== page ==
Other studies (Sheehan, Papalia-Finlay, and Hooper 1980-1981) find animism not only among children, but also among people of all ages. In addition to humans, nonhuman animals also seem to display animism. Birds peck at twigs resembling caterpillars (Hinton 1973), coyotes pounce on sticks resembling grasshoppers (Bekoff 1989), caribou avoid rockpiles resembling Inuit (American Museum of Natural History display), and chimpanzees direct threats against thunderstorms (Goodall 1992, 1994).
(I was especially intrigued by the last paragraph, about animals showing a bias towards treating ambiguous stimuli as if they were alive. That's interesting, and does add support to the idea that this is adaptive).
Several theorists have proposed evolutionary explanations for this phenomenon, most of them hinging on the relative risks and benefits of Type I (false positive) vs. Type II (false negative) errors. This reasoning is invoked to bolster claims that all sorts of quasi-related cognitive and perceptual phenomena (like patternicity, and its consciousness-seeking cousin, agenticity) might once have conferred evolutionary advantages on their possessors.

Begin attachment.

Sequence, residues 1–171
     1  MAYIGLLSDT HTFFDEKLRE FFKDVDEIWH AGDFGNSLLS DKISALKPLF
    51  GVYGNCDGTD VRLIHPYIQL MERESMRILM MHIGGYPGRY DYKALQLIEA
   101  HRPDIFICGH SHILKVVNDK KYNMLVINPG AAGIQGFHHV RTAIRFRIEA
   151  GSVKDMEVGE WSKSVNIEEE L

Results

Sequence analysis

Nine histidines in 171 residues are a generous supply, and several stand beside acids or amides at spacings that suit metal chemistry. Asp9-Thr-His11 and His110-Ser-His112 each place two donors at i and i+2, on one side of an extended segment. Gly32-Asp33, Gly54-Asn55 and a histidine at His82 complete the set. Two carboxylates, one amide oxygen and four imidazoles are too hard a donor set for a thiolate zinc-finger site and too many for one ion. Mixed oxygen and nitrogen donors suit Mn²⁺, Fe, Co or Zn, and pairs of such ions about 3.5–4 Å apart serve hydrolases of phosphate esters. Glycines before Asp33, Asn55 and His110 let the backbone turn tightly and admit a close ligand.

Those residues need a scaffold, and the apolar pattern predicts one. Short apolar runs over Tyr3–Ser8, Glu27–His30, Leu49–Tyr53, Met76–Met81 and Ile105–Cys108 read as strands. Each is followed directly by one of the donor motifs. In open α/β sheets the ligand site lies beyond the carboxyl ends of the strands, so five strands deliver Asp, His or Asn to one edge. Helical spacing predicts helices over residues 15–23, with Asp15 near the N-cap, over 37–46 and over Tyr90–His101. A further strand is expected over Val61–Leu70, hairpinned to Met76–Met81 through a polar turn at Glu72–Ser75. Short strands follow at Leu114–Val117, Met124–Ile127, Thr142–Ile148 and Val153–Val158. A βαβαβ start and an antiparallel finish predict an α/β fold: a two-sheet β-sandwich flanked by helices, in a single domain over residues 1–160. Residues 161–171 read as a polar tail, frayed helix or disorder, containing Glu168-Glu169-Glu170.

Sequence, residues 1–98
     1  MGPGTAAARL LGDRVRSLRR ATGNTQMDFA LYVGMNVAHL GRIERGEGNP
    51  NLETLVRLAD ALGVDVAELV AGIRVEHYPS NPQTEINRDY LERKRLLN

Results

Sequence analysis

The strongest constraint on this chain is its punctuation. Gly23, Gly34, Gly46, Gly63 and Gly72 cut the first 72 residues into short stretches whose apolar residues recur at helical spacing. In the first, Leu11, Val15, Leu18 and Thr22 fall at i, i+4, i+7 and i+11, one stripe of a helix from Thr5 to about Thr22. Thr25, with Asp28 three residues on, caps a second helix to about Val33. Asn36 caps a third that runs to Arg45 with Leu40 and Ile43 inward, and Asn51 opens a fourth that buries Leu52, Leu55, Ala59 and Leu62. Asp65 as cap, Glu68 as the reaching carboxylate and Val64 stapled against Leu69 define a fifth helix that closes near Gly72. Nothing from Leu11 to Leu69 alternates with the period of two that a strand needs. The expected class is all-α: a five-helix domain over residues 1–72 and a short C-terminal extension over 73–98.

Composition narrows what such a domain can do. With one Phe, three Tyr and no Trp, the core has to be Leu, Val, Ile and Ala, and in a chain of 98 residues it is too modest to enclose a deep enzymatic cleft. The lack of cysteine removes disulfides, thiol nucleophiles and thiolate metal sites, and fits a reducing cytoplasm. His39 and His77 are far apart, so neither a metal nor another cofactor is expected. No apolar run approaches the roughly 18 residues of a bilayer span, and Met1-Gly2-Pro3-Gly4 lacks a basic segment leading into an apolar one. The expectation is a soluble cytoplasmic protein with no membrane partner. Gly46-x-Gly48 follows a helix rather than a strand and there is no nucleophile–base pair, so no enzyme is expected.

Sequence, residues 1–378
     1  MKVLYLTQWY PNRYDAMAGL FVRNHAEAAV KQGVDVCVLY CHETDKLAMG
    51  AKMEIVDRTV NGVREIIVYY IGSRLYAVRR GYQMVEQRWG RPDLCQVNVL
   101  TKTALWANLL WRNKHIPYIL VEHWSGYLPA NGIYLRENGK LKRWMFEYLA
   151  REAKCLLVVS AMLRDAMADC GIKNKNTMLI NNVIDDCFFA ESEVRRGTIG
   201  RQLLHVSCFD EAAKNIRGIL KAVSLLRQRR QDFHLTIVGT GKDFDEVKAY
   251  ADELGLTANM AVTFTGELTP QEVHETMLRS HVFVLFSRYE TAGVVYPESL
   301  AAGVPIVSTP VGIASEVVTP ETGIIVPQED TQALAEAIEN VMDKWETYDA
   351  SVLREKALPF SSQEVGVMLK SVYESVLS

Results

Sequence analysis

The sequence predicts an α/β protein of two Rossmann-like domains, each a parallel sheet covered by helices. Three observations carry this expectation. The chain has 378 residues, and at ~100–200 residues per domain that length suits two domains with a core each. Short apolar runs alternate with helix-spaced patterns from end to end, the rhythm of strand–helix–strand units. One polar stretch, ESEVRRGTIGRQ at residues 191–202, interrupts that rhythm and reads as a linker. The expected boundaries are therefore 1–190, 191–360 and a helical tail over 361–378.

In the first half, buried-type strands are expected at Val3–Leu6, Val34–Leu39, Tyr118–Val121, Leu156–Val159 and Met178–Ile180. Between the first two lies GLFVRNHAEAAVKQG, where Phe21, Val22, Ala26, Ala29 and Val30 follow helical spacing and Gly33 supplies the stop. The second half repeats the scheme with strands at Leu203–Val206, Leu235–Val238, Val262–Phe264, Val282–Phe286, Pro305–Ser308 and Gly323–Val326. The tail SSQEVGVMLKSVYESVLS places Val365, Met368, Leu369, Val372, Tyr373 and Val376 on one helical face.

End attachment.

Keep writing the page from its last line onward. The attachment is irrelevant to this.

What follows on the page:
This review article (full text here) brings a long list of disparate-seeming phenomena --- among them "auditory looming," a perceptual illusion in which you hear sounds as coming from much closer to you than they actually are; superstititions; prejudices; phobias; anthropomorphism/animism; and believing that you are more in control of your fate than you really are --- together under the same vast explanatory umbrella: Error Management Theory.
Here's a description of error management theory written by the two of the idea's originators, David Buss and Martie Haselton, in this 2000 article in the Journal of Personality and Social Psychology (full text here)*:
When judgments are made under uncertainty, two general types of errors are possible --- false positives (Type I errors) and false negatives (Type II errors). A decision maker cannot simultaneously minimize both errors because decreasing the likelihood of one error necessarily increases the likelihood of the other (Green & Swets, 1966).